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Leading the minority majority

Back in the late 1990s, I did a lot of speaking about the generational aspects of the work force. I talked about the impending retirements of the Greatest Generation and the older Boomers and the new generation who was getting ready to hit the work force. Then, interest in the topic faded. Well, what’s old is new again. With the “millenials” entering the workforce en mass, and even stepping into supervisory positions, this topic is generating a lot of new interest.

A second point I used to make in those demographic presentations was the increase in the minority population in the United States. Simply stated, the US was, and is, becoming less white. Somewhere around 2040, estimates said, we would be a minority nation. That is, current minority groups would be the majority. But, back in the 90s, 2040 was half a century away and a lot could happen in the interim. So people weren’t interested in how this might impact their business. Are they now? They should be!

The other day, I read an AP report that said almost half of the children born in the US each year belong to an ethnic minority. The report went on to say, “This year could be the tipping point when the number of babies born to minorities exceeds the number of babies born to whites.” America will become a “minority majority” by the middle of the century. If you are numbers person, here is what the Census Bureau reports:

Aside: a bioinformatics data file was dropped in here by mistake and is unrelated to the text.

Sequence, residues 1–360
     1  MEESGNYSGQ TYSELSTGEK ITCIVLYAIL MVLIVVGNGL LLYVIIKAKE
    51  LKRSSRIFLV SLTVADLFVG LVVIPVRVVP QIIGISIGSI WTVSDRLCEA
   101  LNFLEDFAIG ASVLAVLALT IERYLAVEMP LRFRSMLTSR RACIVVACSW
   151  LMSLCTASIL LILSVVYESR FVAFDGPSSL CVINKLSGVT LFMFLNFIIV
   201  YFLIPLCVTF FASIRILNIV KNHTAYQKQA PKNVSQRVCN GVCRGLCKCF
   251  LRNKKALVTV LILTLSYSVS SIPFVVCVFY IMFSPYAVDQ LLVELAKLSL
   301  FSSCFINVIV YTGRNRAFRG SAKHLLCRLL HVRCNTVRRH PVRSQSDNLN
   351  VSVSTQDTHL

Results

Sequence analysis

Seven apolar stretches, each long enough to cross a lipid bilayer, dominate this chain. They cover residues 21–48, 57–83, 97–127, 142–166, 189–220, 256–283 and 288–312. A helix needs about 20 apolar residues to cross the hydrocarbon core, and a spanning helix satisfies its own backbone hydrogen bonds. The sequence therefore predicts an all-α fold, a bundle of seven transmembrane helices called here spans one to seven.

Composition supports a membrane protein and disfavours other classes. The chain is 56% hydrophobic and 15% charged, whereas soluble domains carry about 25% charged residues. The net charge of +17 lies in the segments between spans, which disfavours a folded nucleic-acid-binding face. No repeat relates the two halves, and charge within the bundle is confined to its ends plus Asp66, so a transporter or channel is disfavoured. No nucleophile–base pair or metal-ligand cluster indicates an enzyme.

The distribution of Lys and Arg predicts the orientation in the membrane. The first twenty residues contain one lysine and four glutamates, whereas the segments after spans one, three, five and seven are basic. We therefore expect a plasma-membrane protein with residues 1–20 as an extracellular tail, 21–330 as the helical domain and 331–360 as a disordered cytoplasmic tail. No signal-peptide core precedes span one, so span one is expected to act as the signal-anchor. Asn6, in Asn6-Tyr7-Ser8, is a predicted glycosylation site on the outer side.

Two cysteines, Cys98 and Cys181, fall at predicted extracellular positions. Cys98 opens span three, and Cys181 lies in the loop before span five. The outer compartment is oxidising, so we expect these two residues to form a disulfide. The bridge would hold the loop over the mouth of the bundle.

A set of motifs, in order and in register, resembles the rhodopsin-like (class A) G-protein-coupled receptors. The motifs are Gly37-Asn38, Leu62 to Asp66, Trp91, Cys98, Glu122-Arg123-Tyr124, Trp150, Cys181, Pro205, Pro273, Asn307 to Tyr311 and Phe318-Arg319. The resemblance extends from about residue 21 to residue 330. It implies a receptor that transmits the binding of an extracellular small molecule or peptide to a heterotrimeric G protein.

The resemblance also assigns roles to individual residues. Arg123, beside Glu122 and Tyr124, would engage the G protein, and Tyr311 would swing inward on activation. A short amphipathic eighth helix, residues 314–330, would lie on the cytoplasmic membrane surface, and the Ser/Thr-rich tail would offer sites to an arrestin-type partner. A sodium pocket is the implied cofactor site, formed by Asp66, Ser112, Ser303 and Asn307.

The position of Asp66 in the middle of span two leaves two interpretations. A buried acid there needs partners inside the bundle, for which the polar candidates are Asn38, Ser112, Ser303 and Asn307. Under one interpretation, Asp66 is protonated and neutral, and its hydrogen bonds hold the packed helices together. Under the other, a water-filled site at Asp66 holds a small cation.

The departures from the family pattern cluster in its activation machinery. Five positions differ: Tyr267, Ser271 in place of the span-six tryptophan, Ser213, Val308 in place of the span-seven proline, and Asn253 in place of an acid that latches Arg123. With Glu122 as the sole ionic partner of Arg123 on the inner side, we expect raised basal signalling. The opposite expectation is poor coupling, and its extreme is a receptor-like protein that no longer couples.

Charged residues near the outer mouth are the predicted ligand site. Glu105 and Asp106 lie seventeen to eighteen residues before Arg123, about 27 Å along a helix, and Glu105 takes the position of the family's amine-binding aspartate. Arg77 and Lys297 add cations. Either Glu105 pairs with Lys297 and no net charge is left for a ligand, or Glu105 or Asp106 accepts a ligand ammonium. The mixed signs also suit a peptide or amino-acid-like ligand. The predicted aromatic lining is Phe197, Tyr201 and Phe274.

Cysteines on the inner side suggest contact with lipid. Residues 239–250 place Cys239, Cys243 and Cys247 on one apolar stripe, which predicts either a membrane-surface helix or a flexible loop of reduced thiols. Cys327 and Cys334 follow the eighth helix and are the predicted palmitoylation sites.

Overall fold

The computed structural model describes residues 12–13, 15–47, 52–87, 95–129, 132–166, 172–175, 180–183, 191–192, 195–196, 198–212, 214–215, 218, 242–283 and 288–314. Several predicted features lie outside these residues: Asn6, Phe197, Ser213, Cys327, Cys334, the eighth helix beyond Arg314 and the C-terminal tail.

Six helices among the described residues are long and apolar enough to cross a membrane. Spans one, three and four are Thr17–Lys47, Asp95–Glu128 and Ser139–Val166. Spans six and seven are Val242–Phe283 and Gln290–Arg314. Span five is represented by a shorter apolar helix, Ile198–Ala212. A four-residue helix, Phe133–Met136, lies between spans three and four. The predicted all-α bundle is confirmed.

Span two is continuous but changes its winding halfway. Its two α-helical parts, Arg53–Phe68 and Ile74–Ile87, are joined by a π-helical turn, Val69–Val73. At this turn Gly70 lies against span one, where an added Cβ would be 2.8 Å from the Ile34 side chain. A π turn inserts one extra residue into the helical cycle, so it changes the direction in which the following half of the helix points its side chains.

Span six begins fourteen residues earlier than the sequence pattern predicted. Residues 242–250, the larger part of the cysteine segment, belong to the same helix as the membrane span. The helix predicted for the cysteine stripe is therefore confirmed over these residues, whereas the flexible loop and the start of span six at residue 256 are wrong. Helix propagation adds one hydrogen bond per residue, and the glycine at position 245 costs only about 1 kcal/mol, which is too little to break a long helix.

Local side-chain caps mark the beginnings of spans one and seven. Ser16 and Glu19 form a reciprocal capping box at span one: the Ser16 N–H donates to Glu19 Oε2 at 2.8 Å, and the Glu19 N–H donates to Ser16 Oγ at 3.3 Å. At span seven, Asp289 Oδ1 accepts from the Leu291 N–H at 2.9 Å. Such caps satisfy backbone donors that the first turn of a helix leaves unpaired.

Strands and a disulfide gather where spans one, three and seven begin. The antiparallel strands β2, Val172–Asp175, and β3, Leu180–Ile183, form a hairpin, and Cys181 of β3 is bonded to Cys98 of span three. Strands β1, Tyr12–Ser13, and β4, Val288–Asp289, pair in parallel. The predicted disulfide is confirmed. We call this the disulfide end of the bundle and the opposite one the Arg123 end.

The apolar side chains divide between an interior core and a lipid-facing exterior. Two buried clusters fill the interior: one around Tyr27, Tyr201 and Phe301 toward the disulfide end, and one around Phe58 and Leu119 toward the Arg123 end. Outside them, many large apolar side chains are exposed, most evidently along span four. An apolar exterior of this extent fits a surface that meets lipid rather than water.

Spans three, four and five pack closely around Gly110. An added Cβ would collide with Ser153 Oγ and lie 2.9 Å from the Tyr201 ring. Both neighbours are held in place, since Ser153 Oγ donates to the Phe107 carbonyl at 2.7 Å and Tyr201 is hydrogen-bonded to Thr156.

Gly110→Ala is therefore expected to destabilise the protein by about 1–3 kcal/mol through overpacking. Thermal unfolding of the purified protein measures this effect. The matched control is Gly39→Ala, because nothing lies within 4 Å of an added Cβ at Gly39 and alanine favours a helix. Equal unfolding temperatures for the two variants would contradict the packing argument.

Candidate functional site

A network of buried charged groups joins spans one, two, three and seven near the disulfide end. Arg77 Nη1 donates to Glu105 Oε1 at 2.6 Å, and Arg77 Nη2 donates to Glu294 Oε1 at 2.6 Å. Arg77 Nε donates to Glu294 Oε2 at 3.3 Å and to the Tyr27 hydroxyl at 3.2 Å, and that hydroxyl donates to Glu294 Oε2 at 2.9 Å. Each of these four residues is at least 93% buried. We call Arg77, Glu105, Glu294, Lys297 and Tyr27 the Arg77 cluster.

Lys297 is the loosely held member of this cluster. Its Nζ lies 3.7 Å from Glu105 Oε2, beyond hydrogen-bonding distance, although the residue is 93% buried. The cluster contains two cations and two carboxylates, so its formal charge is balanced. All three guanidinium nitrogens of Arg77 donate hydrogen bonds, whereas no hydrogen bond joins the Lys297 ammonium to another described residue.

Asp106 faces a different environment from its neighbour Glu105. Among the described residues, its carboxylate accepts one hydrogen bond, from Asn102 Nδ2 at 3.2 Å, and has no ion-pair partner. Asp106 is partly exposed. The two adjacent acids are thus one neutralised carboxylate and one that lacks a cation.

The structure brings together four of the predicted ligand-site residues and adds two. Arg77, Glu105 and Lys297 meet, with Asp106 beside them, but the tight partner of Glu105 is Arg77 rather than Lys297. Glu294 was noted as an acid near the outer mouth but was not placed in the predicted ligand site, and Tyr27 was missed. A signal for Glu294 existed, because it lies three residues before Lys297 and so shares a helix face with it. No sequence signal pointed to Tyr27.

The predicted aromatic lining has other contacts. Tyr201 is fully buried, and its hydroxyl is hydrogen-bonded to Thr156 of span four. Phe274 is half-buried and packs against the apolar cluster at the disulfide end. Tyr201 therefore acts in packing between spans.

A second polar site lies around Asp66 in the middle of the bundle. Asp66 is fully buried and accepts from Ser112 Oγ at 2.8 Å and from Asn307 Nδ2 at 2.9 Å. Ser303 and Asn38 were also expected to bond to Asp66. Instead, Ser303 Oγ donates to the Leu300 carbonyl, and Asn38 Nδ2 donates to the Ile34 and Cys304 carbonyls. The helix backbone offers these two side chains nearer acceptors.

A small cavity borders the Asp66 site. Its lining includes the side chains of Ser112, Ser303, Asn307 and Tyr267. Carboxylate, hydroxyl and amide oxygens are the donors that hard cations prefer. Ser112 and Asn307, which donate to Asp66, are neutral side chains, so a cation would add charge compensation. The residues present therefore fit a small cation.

# Children Born


Ethnicity of Mother

I am not a numbers person. I am a people person, and leadership is about people and relationships, so I do consider these to be important stats.

What’s the point of all this? Well, it’s simple. You need to prepare to lead a more diverse workforce that will likely think and act differently than you do, due to different backgrounds. How will you build relationships with people with whom you have less and less in common? While you may have to work harder at it, the keys to success are the same as they have always been. As a leader, your keys are trust and respect. If you prove yourself to be trustworthy, and show your people you trust them and respect them (and their culture), you have a chance to be effective. To do any differently almost certainly dooms you to mediocrity from the start.

I understand that nostalgia can creep in at times like this--longing for the “good ol’ days” when things were different, when American Capitalism ruled the free world. The problem with nostalgia is that you can get caught up in it and deny the current reality. Billy Joel wisely sang that “the good ol’ days weren’t always good, and tomorrow ain’t as bad as it seems.”

Today we are a global economy where goods are produced more cheaply overseas, and we have strong competitors for the goods we produce here. To succeed, you must learn to lead an evolving workforce. The colors of the quilt of America are changing. By mid-21st century, we will be a minority majority nation. Like any change, this creates opportunity. Will you and your firm seize that opportunity, or be crushed by it?

"...thanks for speaking to our group. I got a tremendous and favorable response to what you shared. Your enthusiasm, related to our business, resonated extremely well with all levels of management in the room. "

Eric DeFrancisco
Director of Operations
RTM Arbys.